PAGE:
This was a gripping psychological thriller, with characters that were hard to predict and left the reader guessing until the end.
Claire always wished for a sister. But should you be careful what you wish for?
Claire has spent her whole marriage trying to be the perfect wife and mother – supporting her husband as he goes for promotions and always making sure she’s there to tuck her daughter into bed each night. But little does she know that almost everyone around her has been keeping secrets that could ruin the life she’s worked so hard to create.
Growing up with warring parents and an often absent father, Claire has always wanted to give her daughter Ella the dream childhood she wishes she’d had. So, when she discovers her husband Luke has been having an affair, Claire is left wondering how she can possibly keep her daughter’s world from crumbling.
Then Claire receives a text message from someone called Sophie that simply reads – ‘You don’t know me, but I’m your sister’. At first, she’s shocked. And Sophie’s appearance raises questions Claire would like to put to her elderly father before it’s too late. But as she gets to know Sophie – who is so like her in so many ways – she can’t help but be delighted to finally have the sibling she always dreamed of.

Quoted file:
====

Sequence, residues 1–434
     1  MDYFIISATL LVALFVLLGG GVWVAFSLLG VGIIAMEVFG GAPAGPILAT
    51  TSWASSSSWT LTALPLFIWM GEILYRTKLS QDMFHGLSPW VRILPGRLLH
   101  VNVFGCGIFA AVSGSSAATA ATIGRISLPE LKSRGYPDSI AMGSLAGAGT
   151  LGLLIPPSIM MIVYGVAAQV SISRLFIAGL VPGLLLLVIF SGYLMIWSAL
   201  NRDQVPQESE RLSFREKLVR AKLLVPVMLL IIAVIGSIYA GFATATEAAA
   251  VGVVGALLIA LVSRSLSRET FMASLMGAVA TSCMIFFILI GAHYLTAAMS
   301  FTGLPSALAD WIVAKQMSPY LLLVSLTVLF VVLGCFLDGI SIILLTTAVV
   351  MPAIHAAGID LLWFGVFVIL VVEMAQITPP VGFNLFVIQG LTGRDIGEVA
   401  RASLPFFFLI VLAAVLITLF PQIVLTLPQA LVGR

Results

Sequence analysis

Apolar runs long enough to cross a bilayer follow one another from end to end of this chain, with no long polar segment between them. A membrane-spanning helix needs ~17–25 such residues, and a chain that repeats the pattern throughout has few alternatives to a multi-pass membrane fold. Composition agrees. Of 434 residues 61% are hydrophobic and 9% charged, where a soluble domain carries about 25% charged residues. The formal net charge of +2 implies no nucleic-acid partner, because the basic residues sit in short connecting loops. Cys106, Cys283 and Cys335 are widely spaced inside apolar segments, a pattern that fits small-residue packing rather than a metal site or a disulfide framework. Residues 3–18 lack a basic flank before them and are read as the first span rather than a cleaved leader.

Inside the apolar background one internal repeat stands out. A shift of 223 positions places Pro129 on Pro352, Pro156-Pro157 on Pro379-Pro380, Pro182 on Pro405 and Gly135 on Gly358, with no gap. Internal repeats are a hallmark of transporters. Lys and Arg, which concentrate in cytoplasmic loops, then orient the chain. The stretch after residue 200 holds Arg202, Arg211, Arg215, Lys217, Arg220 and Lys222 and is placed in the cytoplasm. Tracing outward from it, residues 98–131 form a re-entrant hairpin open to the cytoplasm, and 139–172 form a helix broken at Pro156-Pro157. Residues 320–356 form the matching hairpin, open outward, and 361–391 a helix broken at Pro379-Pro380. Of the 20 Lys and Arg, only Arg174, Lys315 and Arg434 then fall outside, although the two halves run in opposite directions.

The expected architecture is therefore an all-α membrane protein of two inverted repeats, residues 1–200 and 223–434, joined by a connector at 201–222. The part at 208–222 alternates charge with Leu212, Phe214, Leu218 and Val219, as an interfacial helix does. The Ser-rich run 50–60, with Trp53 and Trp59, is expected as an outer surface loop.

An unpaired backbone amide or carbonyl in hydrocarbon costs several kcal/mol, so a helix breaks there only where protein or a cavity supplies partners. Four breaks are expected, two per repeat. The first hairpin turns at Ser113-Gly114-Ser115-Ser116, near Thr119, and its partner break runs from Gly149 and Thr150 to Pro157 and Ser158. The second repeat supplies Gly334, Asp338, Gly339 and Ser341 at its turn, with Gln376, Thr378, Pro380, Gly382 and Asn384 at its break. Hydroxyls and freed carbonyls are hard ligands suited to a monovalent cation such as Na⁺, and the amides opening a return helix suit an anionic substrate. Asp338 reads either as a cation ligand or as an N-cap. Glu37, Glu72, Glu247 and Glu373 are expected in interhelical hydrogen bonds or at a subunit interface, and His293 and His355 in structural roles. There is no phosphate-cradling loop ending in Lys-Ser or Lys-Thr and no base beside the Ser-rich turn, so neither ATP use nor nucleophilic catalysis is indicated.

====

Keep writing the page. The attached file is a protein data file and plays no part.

As the two women become inseparable, Claire leans on her new sister more and more, ultimately asking her to move into the family home and trusting her with Ella. But when the unthinkable happens and Claire fears for her daughter’s life, she starts to wonder whether her new sister is exactly who she says she is.
One thing Claire knows is that telling the perfect lie seems to run in the family.
I really enjoyed this – right from the start Claire was difficult to read. Despite most of the chapters being from her perspective, I constantly felt as if there was something about her being hidden. She was intriguing and it hooked me from the start. Although most of the chapters are from her perspective, we do get some from her husband Luke, her half-sister Sophie and a couple of others, which makes it absolutely fascinating as we get to see glimpses, but not too much, into the thought processes of the other characters.
There are mysteries in this book right from the beginning – everyone seems to be keeping some kind of secret, whether it’s big or small. It’s really clever as it stops the reader from guessing too much about the plot and kept me hooked throughout. Sophie is particularly fascinating and the chapters from her perspective don’t make it much clearer. She does seem suspicious throughout and I loved the way that Browne wrote her without giving too much away.
It’s a fairly fast-paced plot and the odd chapter that is from someone else’s view, such as Claire’s father or her best friend, helps to keep the pace moving even more. It breaks up in a way that builds the intrigue without disturbing the flow of the book.
Sheryl Browne’s books are always great, but if you want a really gripping psychological thriller, then this is the one for you without a doubt.
Bookouture, 29th Jan 2020